Looking back now, my path to “A Course in Miracles” probably all started in 1969 when I accepted Jesus my personal Lord and Savior, under the influence of the Campus Crusade for Christ. However, after joining a Christian brotherhood of aspiring monks, where I was daily quizzed on how many Bible verses I had memorized and could recite verbatim, I was totally confused by it all. Their version of reality just didn’t sit well with me. I felt like a parrot of Bible verses, that I didn’t even begin to understand, or the town crier that nobody wanted to hear. Jesus would show me more, much more.
As divine synchronicity would have it, I ingested a hallucinogen that resulted in a near death experience the day after Christmas, 1970. When I was in the black void, with only the consciousness that “I Am”, George Harrison’s song My Sweet Lord began playing. That was my voice singing to God, not George’s! Soon a brilliant white light began appearing out of the darkness, as my soul sang “I really want to see you Lord”. Then somebody started to emerge out of the light. This Holy One oscillated between masculine and feminine. As I’d been praying to Jesus, I thought it might be him, but without a beard. I began crying from the depths of my soul, as the Holy One communicated telepathically into my heart. I knew this Being to be nothing but pure love. Then it was over. I was shot back into my body, hearing the words to a new song telling me “it’s been a long time coming, it’s going to be a long time gone.” How true that has been.
A year later, I saw the cover of Autobiography un curso de milagros of a Yogi. It was Paramahansa Yogananda who had come to me! Next came meeting Baba Ram Dass, who confirmed that I wasn’t crazy and stated that Yogananda had appeared to many young spiritual seekers on drugs. He also autographed my copy of Be Here Now. My next decade was spent being an aspiring yogi and practicing Yogananda’s Self-Realization Fellowship lessons and exercises, chanting, meditating and receiving initiation into Kriya yoga. Yogananda’s path and linage of gurus brought the much needed clarity for me to understand Jesus and Christianity better. Yogananda also showed me the essential truth behind the oneness of all religions. And he brought me to Babaji, the Mahavatar who sent him to America back in the 1920s. Ever since I heard the name Babaji, I knew I knew Him. He and Jesus work together, behind the scenes, in the cosmic scheme of things. And Babaji was to be the next step in my ongoing spiritual evolution. However, I did not know at this point that He had supposedly manifested a body again and was residing in the small village of Haidakhan, in northern India. That would come later, along with the mystery and myth of this current manifestation.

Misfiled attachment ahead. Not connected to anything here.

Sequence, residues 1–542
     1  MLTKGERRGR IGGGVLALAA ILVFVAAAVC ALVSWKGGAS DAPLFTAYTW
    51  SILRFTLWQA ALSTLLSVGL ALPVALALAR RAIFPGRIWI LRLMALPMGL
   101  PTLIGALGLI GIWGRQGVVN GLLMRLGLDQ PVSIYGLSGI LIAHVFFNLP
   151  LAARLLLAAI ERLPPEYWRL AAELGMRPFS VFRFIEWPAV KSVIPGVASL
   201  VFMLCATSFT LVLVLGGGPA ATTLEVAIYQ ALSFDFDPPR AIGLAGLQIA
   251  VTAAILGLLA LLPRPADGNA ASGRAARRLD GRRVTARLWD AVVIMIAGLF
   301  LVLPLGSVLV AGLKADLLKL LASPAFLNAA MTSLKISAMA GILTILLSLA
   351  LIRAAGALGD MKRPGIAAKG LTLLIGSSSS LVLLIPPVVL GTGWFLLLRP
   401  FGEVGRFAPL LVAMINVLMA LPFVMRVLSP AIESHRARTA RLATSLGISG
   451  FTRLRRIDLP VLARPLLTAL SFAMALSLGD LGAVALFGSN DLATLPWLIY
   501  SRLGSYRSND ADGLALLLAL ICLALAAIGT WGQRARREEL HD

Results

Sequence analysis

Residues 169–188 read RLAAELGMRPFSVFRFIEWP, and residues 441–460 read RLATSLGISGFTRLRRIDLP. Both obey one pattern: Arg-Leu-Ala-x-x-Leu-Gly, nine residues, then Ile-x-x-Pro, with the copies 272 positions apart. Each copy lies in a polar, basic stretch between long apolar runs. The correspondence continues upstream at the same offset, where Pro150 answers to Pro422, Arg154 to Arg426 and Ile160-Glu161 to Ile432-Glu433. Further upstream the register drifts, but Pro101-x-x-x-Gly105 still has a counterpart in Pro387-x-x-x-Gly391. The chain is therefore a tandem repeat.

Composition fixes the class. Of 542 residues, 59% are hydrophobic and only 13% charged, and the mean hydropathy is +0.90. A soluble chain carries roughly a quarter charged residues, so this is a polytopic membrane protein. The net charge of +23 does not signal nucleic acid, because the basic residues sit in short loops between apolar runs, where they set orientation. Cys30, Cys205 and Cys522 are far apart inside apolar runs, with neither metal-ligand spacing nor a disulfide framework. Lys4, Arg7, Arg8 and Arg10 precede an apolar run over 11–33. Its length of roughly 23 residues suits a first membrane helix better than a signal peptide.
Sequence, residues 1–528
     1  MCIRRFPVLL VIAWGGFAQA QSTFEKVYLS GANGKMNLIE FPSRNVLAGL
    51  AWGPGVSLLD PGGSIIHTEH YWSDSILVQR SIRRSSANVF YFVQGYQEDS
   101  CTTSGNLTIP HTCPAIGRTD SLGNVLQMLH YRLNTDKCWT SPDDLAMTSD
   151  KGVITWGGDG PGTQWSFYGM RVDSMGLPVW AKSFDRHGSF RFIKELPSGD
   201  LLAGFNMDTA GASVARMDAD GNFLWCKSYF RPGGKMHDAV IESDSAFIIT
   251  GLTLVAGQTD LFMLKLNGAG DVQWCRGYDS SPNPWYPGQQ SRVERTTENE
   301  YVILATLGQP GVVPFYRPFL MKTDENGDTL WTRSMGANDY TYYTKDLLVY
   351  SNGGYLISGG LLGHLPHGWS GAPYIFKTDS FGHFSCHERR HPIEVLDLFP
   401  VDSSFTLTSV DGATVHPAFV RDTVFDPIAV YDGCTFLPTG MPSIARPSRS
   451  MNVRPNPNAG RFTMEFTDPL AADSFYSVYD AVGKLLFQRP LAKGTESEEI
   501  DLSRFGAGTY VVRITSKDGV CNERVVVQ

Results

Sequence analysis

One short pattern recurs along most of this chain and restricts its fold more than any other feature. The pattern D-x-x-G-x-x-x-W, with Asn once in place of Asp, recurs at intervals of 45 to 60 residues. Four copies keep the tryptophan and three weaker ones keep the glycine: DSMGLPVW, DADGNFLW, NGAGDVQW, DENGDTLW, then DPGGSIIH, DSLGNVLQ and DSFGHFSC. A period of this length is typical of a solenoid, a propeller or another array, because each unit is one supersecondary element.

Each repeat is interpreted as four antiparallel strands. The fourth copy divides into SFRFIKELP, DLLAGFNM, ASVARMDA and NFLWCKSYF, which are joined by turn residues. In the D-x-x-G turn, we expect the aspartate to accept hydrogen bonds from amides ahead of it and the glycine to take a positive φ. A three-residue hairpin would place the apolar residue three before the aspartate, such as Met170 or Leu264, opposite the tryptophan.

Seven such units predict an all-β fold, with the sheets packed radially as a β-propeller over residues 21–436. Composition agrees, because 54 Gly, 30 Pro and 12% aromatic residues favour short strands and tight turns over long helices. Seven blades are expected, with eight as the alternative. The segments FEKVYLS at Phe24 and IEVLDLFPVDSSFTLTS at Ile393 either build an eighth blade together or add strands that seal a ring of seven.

After hearing Bhagavan Das sing, I bought a dotara and began chanting mantras to God daily. This simple, ancient two- stringed instrument is easy to play and lets one follow the drone sound into silence. At this point, I purchased my own place in the woods and met a man who’d lived with Babaji. He conducted a Vedic fire ceremony that Babaji had taught him to initiate my new abode. I questioned and grilled him repeatedly, asking if this new Babaji was the same entity Yogananda had written about. Yes, one and the same but peoples egos still question His true identity. Babaji’s new Kriya yoga was the path of truth, simplicity and love while performing karma yoga- work – and keeping one’s mind on God, through repetition of the ancient mantra Om Namaha Shivaya. Babaji stated that this mantra alone was more powerful than a thousand atomic bombs and His 1-800 number. I began at this point seriously doing japa, or the repetition of the mantra on 108 rudraksha beads, to get this vibration into my sub consciousness. I also learned many ways to chant it on my dotara. With all of this going on, I bought “A Course in Miracles” and began the daily lessons immediately. I tried to make sense of the Text but got nowhere; each sentence bogged me down and had to be re-read over too many times to assimilate. I was just too young, I told myself. I was thirty-three. I’d deal with this Text later, someday, maybe.